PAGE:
Iowa senator wants Biden administration to use more force to protect Afghan women & girls

Iowa Sen. Joni Ernst is calling on the president to act to restore the rights of women and girls in Afghanistan.
Afghan women
Afghan women(DC Bureau)
Published: Aug. 30, 2022 at 10:16 AM CDT
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WASHINGTON (Gray DC) - In the wake of the United States’ controversial pullout from Afghanistan last August, the future of Afghan women and girls hangs in the balance.

“Girls can still not go to school beyond sixth grade,” said Jawaid Kotwal of the Afghan Academy in Virginia.

Kotwal advocates on behalf of Afghan women and girls.

With much of the country now food insecure and facing famine, refugee activists say young girls are being sold or married off to older men so their families can buy food.

Women senators including Sen. Joni Ernst (R-Iowa) are calling on the Biden administration to act.

“There needs to be more force coming from this administration,” said Ernst. “We’ve watched over the last year as the Taliban has really unraveled the women’s and girls’ rights in Afghanistan.”

Last November, all 24 women senators led by Senators Ernst and Diane Feinstein of California sent a bipartisan letter to the president asking him to “develop an interagency plan to preserve the political, economic, social and basic human rights of Afghan women and girls.”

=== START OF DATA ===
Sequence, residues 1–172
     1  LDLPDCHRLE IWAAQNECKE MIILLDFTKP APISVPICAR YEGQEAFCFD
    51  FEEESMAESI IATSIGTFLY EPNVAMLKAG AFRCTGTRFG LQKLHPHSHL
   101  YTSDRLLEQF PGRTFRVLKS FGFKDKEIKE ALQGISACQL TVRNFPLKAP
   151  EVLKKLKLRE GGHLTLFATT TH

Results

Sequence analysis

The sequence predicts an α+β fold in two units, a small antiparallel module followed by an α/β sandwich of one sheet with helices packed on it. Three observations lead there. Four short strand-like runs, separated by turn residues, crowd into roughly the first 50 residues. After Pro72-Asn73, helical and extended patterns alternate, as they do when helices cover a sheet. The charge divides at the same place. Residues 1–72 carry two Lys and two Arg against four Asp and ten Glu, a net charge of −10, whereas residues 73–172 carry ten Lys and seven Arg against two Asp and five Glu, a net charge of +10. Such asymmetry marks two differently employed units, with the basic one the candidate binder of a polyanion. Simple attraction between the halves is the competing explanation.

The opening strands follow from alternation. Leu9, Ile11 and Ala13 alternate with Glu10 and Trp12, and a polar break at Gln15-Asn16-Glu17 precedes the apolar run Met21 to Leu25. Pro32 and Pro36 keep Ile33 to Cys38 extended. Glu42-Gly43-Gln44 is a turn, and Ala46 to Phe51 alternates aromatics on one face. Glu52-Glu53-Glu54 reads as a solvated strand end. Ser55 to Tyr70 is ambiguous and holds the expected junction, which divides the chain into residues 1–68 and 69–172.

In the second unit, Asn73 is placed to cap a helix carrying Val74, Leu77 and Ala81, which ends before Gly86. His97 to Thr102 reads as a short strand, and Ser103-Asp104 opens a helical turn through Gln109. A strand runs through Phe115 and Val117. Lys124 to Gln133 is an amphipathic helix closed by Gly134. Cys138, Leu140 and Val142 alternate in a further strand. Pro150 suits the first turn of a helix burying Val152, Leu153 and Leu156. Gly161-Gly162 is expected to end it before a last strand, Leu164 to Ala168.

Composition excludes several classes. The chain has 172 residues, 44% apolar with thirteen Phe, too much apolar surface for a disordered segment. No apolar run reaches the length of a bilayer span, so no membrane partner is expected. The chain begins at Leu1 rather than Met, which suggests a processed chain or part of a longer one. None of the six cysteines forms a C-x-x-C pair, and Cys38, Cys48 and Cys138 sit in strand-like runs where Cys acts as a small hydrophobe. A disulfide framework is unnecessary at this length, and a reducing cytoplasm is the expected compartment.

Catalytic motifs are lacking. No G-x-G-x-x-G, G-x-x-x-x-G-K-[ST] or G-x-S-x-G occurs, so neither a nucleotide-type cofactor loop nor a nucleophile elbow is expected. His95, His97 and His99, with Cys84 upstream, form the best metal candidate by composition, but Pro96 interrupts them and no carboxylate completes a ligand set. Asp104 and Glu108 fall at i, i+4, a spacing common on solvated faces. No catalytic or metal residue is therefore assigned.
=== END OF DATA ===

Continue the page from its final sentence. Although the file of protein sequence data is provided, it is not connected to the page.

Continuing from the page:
Ernst says she would like to see the continuing freezing of Afghanistan’s funds until the treatment of women and girls is improved.

U.S. State Department Spokesman Ned Price made these comments at a press briefing on August 16, 2022 on the issue: “The fact that the Taliban has failed to stand up for, to protect the rights of all of the people of Afghanistan – especially the women, the girls, the religious minorities, ethnic minorities – that, of course, is a failure on the part of the Taliban as well.”

Price made the comments after being asked if the Biden administration intends on facilitating the release of the $3.5 billion in Afghanistan’s Central Bank reserves it’s currently holding.

The U.S. State Department says it doesn’t see a release happening anytime soon due to fears the money may fall in the hands of terrorist groups.

The Gray Washington News Bureau reached out to the White House for this report. We did not hear back.